- B. Jansen, A. Spink and T. Saracevic. Real life, real users, and real needs - a study and analysis of user queries on the web. Information Processing and Management: an International Journal, Vol.
36, 2000, Pages 207 - 227. (suggested by Hangjin Zhang)
- Fernanda B. Viegas and Marc Smith, "Newsgroup Crowds and AuthorLines: Visualizing the Activity of Individuals in Conversational Cyberspaces" HICSS 2004. Taken from: http://research.microsoft.com/~masmith/ For the map itself see: http://research.microsoft.com/~masmith/all_map.jpg (Suggested by Lisa Parks)
- Smith, Marc, Duncan Davenport, Howard Hwa. "AURA: A mobile platform for object and location annotation", in Ubicomp 2003. (Suggested by Lisa Parks)
- Smith, Marc. "Some social implications of ubiquitous wireless networks" ACM Mobile Computing and Communications Review, April 200?, Vol.4 No. 2. (Suggested by Lisa Parks)
- Smith, Marc and Peter Kollock. Communities in Cyberspace, London: Routledge, 1998. (Suggested by Lisa Parks)
- Johnson, Stephen. Emergence: The Connected Lives of Ants, Brains, Cities, and Software, NY: Scribner, 2002. (Suggested by Lisa Parks)
- Brown, John Seely and Paul Duguid, The Social Life of Information.
Cambridge, MA: Harvard Business School Press, 2002. (Suggested by Lisa Parks)
- Julian Dibbell, "A Rape in Cyberspace (or TINYSOCIETY, and How to Make One), first published in _Village Voice_, 1993, later reprinted in revised form in his _My Tiny Life_, 1998). Online at: http://www.juliandibbell.com/texts/bungle.html (Suggested by Alan Liu)
- This is the now classic work about a MOO (the famous LambdaMOO) that I
mentioned last week. It is explicitly about how a "society" forms and
learns to govern itself online. After "Mr. Bungle" commits a virtual rape,
how do the netizens of LambdaMOO, previously an anarchy presided over
distantly by the technical wizards responsible for the system, organize
themselves and decide what to do? And how to the wizards react? Together
with this reading, students should be asked to visit LambdaMOO (still going
strong) as a guest: telnet://lambda.moo.mud.org:8888/ Probably there should
also be some technical reading in the architecture of muds/moos.
- Howard Rheingold, _The Virtual Community_, Introduction and Chapter One:
http://www.rheingold.com/vc/book/. (Suggested by Alan Liu)
- This is the predecessor to the Smart Mobs book that Bruce mentioned. The
book is about The Well, the classic BBS community in which Rheingold played
a founding role.
- Steven G. Jones, ed., _Cybersociety: Computer-Mediated Communication and
Community_ (Sage, 1995), esp. the articles by Margaret McLaughlin et al.
("Standards of Conduct on Usenet") and Richard MacKinnon ("Searching for the
Leviathan in Usenet"). (Suggested by Alan Liu)
- Jennings, M. Kent and Vicki Zeitner. Internet Use and Civic Engagement: A Longitudinal Analysis, Public Opinion Quarterly 67 (3), 2003, pp. 311-334. (Suggested by Bruce Bimber)
- An article based on a panel-design survey reporting statistical models that indicate Internet use
stimulates civic engagement (controlling for obvious confounding variables.)
- Katz, James E. and Ronald E. Rice. Social Consequences of Internet Use: Access, Involvement, and Interaction. (Cambridge, MA: MIT Press, 2002), Chapters 6-8. (suggested by Bruce Bimber)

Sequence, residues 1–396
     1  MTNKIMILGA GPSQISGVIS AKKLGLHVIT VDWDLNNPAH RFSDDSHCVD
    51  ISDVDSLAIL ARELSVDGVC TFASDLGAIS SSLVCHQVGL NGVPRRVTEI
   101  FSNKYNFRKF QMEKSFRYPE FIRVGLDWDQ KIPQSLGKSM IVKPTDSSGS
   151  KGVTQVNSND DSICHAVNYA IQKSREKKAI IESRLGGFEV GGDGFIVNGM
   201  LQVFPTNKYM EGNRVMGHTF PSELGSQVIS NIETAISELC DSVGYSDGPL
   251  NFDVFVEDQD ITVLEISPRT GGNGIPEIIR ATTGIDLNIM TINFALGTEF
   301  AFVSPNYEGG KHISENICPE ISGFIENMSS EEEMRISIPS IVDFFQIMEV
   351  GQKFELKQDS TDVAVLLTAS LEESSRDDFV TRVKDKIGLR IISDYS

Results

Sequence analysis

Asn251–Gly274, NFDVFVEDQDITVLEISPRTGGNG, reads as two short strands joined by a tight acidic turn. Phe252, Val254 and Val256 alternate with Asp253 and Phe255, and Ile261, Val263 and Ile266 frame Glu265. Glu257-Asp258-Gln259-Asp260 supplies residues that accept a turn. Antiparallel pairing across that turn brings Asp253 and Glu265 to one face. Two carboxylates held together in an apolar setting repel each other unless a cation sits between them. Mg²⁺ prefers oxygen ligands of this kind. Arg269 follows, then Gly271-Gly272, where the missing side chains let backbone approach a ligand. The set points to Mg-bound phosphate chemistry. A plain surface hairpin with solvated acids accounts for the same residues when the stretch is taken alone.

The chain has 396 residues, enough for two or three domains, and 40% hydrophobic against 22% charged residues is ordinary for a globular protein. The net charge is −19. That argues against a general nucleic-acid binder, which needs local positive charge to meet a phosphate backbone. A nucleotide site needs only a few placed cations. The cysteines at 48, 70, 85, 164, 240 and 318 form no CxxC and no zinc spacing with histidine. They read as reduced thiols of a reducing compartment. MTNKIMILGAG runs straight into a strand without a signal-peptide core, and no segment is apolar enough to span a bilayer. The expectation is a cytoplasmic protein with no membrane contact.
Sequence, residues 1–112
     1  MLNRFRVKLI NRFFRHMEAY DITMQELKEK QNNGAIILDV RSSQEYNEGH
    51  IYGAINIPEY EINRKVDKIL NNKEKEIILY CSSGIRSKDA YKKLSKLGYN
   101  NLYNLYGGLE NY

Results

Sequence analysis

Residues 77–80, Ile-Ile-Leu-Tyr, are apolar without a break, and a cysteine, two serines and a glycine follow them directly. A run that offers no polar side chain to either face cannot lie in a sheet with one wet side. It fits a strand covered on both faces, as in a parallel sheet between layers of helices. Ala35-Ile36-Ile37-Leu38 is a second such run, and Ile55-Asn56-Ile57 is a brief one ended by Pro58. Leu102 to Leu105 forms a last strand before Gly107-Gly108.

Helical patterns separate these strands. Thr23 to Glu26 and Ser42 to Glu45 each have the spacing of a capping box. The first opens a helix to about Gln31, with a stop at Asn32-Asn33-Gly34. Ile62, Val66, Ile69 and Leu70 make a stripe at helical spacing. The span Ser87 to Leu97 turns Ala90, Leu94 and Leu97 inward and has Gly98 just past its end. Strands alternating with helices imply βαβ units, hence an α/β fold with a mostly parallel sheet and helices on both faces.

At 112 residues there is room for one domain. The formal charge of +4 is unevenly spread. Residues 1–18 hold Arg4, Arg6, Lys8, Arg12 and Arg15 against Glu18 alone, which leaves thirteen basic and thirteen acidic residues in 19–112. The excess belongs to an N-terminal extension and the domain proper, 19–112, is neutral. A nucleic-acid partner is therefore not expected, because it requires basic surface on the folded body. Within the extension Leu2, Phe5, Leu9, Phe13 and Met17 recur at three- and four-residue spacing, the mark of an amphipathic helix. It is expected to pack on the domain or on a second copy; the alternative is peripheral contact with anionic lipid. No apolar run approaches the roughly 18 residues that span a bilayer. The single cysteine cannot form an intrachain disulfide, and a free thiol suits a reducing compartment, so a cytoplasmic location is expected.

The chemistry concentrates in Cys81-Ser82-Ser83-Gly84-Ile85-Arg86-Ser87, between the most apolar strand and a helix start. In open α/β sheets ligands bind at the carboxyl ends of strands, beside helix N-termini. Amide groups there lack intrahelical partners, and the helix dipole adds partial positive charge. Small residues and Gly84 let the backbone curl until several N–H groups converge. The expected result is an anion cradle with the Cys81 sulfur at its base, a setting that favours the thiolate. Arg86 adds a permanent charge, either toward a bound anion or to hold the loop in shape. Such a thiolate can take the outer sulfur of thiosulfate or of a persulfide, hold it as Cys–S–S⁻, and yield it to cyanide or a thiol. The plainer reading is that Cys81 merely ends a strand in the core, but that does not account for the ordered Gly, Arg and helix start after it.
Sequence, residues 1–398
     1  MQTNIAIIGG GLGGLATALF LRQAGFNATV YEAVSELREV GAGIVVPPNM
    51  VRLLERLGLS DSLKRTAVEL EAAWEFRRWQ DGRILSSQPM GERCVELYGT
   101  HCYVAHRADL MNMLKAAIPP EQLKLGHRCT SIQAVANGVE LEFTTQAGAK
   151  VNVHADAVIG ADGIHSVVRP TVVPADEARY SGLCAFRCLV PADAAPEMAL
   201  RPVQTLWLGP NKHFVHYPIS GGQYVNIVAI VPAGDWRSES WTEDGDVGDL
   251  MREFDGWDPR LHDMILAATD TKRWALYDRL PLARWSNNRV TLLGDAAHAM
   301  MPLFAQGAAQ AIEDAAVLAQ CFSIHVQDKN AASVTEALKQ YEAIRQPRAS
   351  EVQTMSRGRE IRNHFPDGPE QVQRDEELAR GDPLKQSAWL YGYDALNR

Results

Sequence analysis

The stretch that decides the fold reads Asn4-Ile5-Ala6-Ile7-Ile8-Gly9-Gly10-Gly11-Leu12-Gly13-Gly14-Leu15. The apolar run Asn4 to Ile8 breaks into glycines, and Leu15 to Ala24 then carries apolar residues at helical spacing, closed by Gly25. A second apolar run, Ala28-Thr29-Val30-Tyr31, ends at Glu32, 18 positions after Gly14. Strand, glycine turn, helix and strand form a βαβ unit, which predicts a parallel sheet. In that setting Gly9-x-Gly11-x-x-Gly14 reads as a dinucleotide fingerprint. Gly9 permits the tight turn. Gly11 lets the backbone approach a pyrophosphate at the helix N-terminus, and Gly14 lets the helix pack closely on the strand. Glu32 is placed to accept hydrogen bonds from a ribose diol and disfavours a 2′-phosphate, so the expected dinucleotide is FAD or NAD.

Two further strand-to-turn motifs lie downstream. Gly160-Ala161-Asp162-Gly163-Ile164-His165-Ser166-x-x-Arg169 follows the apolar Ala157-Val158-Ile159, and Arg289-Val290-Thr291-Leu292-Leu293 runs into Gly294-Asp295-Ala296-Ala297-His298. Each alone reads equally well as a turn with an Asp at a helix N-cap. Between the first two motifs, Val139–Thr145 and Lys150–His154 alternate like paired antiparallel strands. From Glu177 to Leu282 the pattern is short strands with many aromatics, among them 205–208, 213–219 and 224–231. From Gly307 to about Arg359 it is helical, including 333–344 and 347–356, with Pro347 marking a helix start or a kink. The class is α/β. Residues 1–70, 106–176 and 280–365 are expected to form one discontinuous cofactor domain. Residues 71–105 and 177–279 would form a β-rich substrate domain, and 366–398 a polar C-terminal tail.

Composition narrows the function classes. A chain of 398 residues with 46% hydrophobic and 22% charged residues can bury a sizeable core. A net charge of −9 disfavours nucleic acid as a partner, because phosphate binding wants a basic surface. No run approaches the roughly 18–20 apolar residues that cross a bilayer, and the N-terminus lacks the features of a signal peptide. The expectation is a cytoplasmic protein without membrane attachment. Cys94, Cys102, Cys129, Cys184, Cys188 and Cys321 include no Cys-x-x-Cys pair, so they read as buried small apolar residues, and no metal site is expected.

- An influential book that reports a variety of survey data on Internet use. The data is now several years
old, but the book provides a good foundation.
- Shah, Dhavan V., Nojin Kwak, and R. Lance Holbert. "Connecting and Disconnecting with Civic Life: Patterns of Internet Use and the Production of Social Capital," Political Communication 18 (2001), pp. 141-162. (suggested by Bruce Bimber)
- An article examining how Internet use affects social trust and civic engagement, using 2-stage
regression models to sort out the direction of causation.
- Neustadtl, Alan, and John P. Robinson, Social Contact Differences Between Internet Users and Nonusers in the General Social Survey,IT \& Society 1(1), 2002, pp. 73-102. Available at http://www.stanford.edu/group/siqss/itandsociety/v01i01/v01i01a06.pdf (Suggested by Bruce Bimber)
- An article reporting statistical models of sociability for Internet users and non-users.
- Bimber, Bruce. The Internet and Political Fragmentation. Paper prepared for presentation at the Democracy in the 21st Century Conference, University of Illinois, Urbana-Champagne, October 25, 2004 and revised for publication. (Suggested by Bruce Bimber)
- A book-chapter-to-be examining the question whether new media tend to exert a fragmenting effect on
politics and community, with some historical background and a simple model for framing an answer to the
- Rheingold, Howard. Smart Mobs: The Next Social Revolution. Cambridge, MA: Perseus Books, 2003. (Suggested by Bruce Bimber)
- A non-technical, popular-audience book on mobile, ad hoc group formation.
- Barabasi, Albert-Laszlo. Linked (New York: Plume, 2002) (Suggested by Bruce Bimber)
- A popular book by a physicist explaining human systems governed by power-law structure and growth
(scale-free networks), with a special emphasis on the Internet.
- C.K. Prahalad, "The Fortune at the Bottom of the Pyramid" (Suggested by Kelsey Woods)
- United Nations Secretary General, "Unleashing Entrepreneurship: Making Business Work for the Poor" (Suggested by Kelsey Woods)
- Parks, L. "Kinetic Screens: Epistemologies of Movement at the
Interface," in MediaSpace: Place, Scale and Culture in a Media Age, eds.
Nick Couldry and Anna McCarthy, London: Routledge, 2003. (Suggested by Lisa Parks)
- Cuban, L. (2001). Oversold & Underused: Computers in the Classroom.
Cambridge, Massachusetts: Harvard University Press. [Chapter 5 is
particularly interesting] (Suggested by Monica Bulger)
- Gee, J.P. (2003). What Video Games Have to Teach Us About Learning and
Literacy. New York: Palgrave Macmillan. (Suggested by Monica Bulger)
- Mayer, R. (2001). Multi-media Learning. Cambridge, England: Cambridge
University Press. (Suggested by Monica Bulger)